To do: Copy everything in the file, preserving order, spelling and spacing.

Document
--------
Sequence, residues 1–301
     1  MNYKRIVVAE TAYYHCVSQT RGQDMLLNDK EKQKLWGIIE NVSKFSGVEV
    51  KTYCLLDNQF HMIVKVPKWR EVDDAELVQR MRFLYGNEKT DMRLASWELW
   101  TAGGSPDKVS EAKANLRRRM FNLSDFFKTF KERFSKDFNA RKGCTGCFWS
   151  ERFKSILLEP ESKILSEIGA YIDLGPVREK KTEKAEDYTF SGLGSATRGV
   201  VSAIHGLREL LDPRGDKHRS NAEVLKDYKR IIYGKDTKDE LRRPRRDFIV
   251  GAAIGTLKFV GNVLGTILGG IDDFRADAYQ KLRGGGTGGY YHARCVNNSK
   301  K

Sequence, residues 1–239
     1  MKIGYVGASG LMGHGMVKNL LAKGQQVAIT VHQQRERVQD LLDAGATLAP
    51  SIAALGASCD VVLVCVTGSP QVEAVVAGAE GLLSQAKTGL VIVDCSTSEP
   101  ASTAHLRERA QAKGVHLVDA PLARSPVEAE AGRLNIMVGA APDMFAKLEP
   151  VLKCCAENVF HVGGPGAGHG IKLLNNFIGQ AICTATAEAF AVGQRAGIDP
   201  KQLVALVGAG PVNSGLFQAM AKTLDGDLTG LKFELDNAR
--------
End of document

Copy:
Sequence, residues 1–301
     1  MNYKRIVVAE TAYYHCVSQT RGQDMLLNDK EKQKLWGIIE NVSKFSGVEV
    51  KTYCLLDNQF HMIVKVPKWR EVDDAELVQR MRFLYGNEKT DMRLASWELW
   101  TAGGSPDKVS EAKANLRRRM FNLSDFFKTF KERFSKDFNA RKGCTGCFWS
   151  ERFKSILLEP ESKILSEIGA YIDLGPVREK KTEKAEDYTF SGLGSATRGV
   201  VSAIHGLREL LDPRGDKHRS NAEVLKDYKR IIYGKDTKDE LRRPRRDFIV
   251  GAAIGTLKFV GNVLGTILGG IDDFRADAYQ KLRGGGTGGY YHARCVNNSK
   301  K

Sequence, residues 1–239
     1  MKIGYVGASG LMGHGMVKNL LAKGQQVAIT VHQQRERVQD LLDAGATLAP
    51  SIAALGASCD VVLVCVTGSP QVEAVVAGAE GLLSQAKTGL VIVDCSTSEP
   101  ASTAHLRERA QAKGVHLVDA PLARSPVEAE AGRLNIMVGA APDMFAKLEP
   151  VLKCCAENVF HVGGPGAGHG IKLLNNFIGQ AICTATAEAF AVGQRAGIDP
   201  KQLVALVGAG PVNSGLFQAM AKTLDGDLTG LKFELDNAR